Sparring was divided into groups, due to the limited mat space. That has the advantage of an automatic rest period, which for lazy people like me is handy, particularly given the humidity of the academy. I was dripping with sweat at the end of the class, despite having only rolled three times at a comparatively light pace.
Training with Caleb was interesting, as he doesn't have the game you might expect. It turns out that Caleb is very flexible, which completely changes side control. He is more than happy to let you pass, establish side control, then suddenly a pair of legs come from nowhere and you're fighting to avoid getting sucked into a crucifix. Side control goes from being a comfortable, dominant position to a risky prospect where you're constantly worried about limbs appearing at bizarre angles. I have sparred with people like that before, such as Trev from RGA Bucks, but Trev has long legs: Caleb does it without being all that tall, which is impressive.
Dagney was next, who as an experienced brown belt also went fairly light. We got into a pattern where I worked for the knee shield half guard but failed to set up a sweep. There are two I want to develop from that position, both of which Nick Brooks originally taught me and I've taught at GB Bristol in the past (with some pointers from Caio Terra's comprehensive half guard DVD). I'm clearly missing lots of details, so I need to review those. Dagney would then pass, I eventually escaped side control, then back to the knee shield.
My final round was with Alex, my drilling partner from earlier. He carefully controlled his pace, never pushing a position to the point of a struggle. If we were getting stuck at any point (e.g., when I kept going to the running escape), he simply disengaged and went for something else, which was refreshing. There are not many training partners who are that mature. Alternatively, it could just be he was so much better than me that it was no challenge for him to keep pushing. Either way, yet another good reminder to improve my back escapes, as I end up with my back taken far too often. ;D
I wasn't wearing my glasses, so was confused when everyone started applauding some guy in shorts and a t-shirt over by the entrance. I thought at first he might have been some long time member of the gym who had just come back from an injury or time off, like Caleb and Dagney. Once he sat down and started talking, all became clear: this wasn't just another member of the gym, it was Relson Gracie. He was running a seminar the next day, which I would have definitely tried to attend if I was on a solo holiday, but running off when my girlfriend had patiently let me train twice in a row would have been rather unfair.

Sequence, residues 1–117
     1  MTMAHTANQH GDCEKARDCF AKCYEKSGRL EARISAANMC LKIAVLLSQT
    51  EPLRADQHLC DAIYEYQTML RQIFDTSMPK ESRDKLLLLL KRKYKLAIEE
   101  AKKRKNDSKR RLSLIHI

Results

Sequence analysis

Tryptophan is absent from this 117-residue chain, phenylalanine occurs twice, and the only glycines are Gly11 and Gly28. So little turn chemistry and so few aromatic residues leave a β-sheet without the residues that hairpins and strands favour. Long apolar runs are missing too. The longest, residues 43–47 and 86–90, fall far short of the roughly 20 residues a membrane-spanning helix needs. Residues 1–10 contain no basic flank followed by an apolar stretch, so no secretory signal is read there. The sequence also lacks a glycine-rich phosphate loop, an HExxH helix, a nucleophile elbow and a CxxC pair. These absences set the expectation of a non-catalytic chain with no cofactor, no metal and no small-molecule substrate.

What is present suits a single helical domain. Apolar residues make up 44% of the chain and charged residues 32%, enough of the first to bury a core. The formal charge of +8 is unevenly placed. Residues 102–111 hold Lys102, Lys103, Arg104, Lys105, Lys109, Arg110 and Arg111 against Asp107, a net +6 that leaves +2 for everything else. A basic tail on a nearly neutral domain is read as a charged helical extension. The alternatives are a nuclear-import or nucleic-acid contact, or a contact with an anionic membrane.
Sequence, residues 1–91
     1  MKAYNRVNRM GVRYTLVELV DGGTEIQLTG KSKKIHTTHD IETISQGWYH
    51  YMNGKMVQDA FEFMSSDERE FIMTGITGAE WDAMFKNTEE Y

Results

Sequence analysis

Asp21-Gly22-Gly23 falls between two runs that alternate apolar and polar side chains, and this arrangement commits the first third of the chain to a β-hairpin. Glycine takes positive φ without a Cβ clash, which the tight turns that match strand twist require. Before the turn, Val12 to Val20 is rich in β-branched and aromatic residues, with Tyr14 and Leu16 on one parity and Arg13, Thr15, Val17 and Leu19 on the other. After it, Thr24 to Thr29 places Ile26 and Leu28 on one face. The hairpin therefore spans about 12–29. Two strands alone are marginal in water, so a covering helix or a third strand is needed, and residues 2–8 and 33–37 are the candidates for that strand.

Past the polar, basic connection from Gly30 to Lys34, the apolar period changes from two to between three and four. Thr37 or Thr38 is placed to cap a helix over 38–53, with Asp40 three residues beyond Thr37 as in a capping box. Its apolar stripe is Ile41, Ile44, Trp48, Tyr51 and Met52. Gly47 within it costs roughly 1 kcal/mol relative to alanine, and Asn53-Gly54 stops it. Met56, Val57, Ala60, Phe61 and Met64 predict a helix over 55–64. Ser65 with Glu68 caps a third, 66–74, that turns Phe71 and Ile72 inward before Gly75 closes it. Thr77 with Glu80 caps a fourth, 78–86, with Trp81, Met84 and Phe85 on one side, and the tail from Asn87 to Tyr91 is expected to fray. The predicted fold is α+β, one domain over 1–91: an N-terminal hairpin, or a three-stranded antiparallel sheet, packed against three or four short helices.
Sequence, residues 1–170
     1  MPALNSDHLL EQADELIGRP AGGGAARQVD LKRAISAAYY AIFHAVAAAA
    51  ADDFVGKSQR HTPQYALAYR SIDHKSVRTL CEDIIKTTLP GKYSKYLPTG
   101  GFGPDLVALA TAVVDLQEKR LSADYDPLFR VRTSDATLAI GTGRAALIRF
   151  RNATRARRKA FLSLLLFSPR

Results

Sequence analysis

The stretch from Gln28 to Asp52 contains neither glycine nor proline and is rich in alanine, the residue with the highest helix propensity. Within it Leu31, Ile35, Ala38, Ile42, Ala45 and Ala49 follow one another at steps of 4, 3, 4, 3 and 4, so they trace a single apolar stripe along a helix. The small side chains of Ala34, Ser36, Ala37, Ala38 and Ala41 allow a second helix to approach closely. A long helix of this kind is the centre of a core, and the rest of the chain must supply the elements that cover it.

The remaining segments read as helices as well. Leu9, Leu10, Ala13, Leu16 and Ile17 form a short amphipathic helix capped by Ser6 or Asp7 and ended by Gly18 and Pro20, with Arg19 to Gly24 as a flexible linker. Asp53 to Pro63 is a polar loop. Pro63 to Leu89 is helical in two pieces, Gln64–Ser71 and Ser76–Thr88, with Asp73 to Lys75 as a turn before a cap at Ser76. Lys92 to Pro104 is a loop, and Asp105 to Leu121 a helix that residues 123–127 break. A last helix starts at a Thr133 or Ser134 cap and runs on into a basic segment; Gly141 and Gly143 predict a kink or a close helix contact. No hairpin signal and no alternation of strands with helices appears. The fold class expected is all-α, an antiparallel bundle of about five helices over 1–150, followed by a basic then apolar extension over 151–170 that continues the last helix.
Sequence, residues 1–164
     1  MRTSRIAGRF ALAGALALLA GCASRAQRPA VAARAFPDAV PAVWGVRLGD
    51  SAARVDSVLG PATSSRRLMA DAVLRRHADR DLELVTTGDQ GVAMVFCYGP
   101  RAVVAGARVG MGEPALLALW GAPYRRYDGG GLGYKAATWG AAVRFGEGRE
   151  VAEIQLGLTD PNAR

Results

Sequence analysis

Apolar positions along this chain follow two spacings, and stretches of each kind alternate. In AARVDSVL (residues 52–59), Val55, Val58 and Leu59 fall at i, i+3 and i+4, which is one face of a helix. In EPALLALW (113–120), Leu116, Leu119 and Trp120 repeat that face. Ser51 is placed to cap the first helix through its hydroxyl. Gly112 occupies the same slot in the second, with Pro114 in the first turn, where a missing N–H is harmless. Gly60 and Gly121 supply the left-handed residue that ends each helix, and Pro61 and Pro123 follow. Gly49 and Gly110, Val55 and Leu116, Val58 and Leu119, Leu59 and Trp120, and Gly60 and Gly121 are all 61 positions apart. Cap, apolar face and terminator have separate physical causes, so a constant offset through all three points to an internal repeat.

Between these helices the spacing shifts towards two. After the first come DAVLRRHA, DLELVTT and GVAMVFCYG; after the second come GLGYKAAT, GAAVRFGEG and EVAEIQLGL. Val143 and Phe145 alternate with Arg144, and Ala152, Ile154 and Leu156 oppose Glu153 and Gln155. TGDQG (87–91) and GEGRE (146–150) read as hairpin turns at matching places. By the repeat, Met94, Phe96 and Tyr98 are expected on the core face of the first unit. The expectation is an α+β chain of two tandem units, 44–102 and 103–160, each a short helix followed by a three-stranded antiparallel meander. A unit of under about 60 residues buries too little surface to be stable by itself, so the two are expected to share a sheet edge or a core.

After I finished my interview with Santos and took some photos, Caleb drove me to his house where he cooked a delicious meal for Dagney and I, with an amazing view from the back of his home. We chatted jiu jitsu, with a more extended recorded chat later, as Caleb asked if I wanted to change my usual role and be the interviewee.
I don't think I'm particularly worthy of being interviewed, especially on Fightworks (still by far the best BJJ podcast out there), but it did give me another chance to plug the GrappleThon concept again, an opportunity I always try to take. Not to mention that to write a blog in the first place you have to have a certain degree of narcissism: I'm generally more than happy to talk about myself. :)
Caleb kindly also gave me some money towards the GrappleThon that took place back in May, in support of the charity RapeCrisis. My page is still open for donations here, in case anyone fancies following Caleb's example. ;D
The interview itself is now available here: if for some reason the download doesn't work, you can just click the 'play' button for the audio. My section starts about 35 minutes in.